Prior to taking the job I have now as editorial director for Linux.com, I was a freelancer for about six years, writing for Linux Magazine, Enterprise Linux Magazine, UnixReview.com, Linux Weekly News, IBM developerWorks, ZDNet, and a few others.
I thought I’d share a few tips here that might help prospective authors get a little work on the side, or maybe even start up a freelancing career of their own.
In the tech industry, it’s not necessary to be the world’s best writer to get work. Clean copy that’s accurate and easy to read will be just fine — you don’t have to be John Irving or P.J. O’Rourke to get work. It helps to be a subject matter expert in one or two areas, or to be able to do research rather quickly, if you want to write tutorials and HOWTO type articles.
The first step, though, is to send a query email to the target publication. I’ve written hundreds of queries, and read even more, so let me share a little of what I’ve learned that may help you be more successful in getting a query accepted.
- You should be familiar with the publication, and read their writer’s guidelines thoroughly before submitting a query. Pitching a 8,000 word article to a publication that spells out its preference for 1,500 word articles is a bit silly. Sending in unsolicited manuscripts to a publication is also usually frowned upon — though some publications accept them, you’ll find out through their writer’s guidelines if not.It has been my experience that authors that do not follow the writer’s guidelines generally, if not always, tend to submit articles that are of lesser quality than the writers who follow the guidelines.
- Introduce yourself. If you’re pitching to a publication for a first time, or the first time following a long interval and/or change of editorial staff, you should provide a little information about yourself — such as “Hi, I’m Wana B. Author, and I’ve been using Apache since day two. I have extensive experience as a Webmaster, and I think I’d be an ideal person to write an article about tuning Apache performance.“This is infinitely better than a query that just starts, “What about an article on…?” Once you’ve established a rapport with the editors at a publication, you can be less formal (usually) but it’s best to start off with an introduction.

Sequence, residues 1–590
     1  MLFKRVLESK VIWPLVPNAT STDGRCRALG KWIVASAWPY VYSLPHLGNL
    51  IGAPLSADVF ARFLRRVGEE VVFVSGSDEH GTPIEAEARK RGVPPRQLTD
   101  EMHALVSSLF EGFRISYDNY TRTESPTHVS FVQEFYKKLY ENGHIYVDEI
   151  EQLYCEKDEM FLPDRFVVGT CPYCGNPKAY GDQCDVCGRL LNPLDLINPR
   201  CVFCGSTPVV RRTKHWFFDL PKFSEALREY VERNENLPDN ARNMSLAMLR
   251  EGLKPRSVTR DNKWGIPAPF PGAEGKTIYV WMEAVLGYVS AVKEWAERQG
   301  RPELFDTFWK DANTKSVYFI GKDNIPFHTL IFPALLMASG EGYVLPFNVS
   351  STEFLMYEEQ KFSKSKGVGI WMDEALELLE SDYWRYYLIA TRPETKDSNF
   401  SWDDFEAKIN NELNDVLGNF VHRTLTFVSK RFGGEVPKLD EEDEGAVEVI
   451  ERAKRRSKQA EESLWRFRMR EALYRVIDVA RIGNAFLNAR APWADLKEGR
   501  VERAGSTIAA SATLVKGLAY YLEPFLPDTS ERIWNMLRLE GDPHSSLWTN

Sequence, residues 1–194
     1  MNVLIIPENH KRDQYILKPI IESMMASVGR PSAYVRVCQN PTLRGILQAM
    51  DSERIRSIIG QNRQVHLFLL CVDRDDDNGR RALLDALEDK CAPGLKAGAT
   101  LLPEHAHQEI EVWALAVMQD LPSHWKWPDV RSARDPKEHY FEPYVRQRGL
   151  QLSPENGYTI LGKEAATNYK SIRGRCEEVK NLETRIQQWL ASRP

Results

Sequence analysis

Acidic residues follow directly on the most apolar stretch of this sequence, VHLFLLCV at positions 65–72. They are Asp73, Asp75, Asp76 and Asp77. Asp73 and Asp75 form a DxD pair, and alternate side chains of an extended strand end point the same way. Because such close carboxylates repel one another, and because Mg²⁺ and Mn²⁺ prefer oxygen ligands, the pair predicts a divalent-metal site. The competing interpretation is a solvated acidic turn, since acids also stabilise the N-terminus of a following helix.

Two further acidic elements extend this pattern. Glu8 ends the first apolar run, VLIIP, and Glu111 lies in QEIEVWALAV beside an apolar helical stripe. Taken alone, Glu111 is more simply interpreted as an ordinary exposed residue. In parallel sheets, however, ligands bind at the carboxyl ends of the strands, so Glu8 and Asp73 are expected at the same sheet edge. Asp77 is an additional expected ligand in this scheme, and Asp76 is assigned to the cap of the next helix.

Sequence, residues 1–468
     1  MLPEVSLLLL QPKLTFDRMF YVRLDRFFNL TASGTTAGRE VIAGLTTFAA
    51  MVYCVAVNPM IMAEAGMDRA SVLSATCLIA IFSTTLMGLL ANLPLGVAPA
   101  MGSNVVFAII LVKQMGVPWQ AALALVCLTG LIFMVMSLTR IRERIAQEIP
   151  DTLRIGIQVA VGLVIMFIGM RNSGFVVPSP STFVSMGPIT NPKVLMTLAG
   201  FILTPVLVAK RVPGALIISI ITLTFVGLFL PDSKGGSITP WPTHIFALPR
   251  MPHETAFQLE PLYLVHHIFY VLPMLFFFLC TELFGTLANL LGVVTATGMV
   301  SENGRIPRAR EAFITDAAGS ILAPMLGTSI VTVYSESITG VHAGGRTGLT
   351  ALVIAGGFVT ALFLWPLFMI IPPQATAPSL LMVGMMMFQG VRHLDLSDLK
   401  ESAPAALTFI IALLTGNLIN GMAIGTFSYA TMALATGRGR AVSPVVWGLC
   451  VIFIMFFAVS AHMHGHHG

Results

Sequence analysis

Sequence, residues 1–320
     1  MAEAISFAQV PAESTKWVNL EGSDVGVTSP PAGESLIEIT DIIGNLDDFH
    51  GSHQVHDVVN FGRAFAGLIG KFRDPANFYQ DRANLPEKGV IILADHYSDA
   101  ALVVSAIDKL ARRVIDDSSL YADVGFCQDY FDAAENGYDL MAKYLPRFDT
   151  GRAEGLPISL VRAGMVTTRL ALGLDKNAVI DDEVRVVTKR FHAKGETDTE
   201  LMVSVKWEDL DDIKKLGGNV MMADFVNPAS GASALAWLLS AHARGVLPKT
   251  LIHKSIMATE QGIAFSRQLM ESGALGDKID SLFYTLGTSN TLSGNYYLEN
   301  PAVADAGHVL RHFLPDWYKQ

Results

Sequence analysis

- Your query should be free of spelling or grammatical errors. When I receive a query that has numerous errors, I have no desire to edit an entire article by the prospective author. Maybe they will make more of an effort when submitting the final product, but why take that chance? If the author can’t even bother to use their Shift key (”hi, i’m a linux admin, and i’d like to write an article on apache.”) I’m probably going to say “no thanks” to their submission.
- Your query should be brief, descriptive, and interesting. I’d say the best queries are no longer than three paragraphs (if they include an introduction) and contain everything an editor needs to know to decide whether an article is suitable or not.For example: The XYZ project has just released version 11.0 of their popular software. I’d like to write an article that looks at the new features in this release, whether users of XYZ 10.0 should upgrade, and how to upgrade or install XYZ if they chose to try it out.The article would be about 1,500 words, and be aimed at users with intermediate or better skills. I could have this to you within three weeks, if you approve this pitch. Instead, what I often see is something like this:I’d like to write an article on XYZ.
Guess which article will be approved?
- Acceptance first, money second. Many publications will publish their pay rates, but if not, wait until after an article is accepted to ask about payment.
- One at a time. Most publications want to have an exclusive on an article for a period of time — could be as little as 30 days, or it could be much longer. You’ll find out once you see the publication’s contract.
- Be prepared for rejection. Don’t expect every pitch to be approved. It’s not personal — and most of the time editors will say why a query isn’t accepted. It’s not unusual, for example, for several people to offer to write articles about GNOME when a new version comes out, or for us to have a staff writer working on something when we receive a query from a freelancer on the same topic. Or, maybe the topic is too general, too ambitious for a full article, or just not quite right. Take a deep breath, wait a day or two, and try again.
If you’re really interested in learning how to write query letters, hit Google for query letters, and you’re bound to find a few samples that you can use to start with.
(This post rescued from the dustbin of history thanks to the copy saved by archive.org.)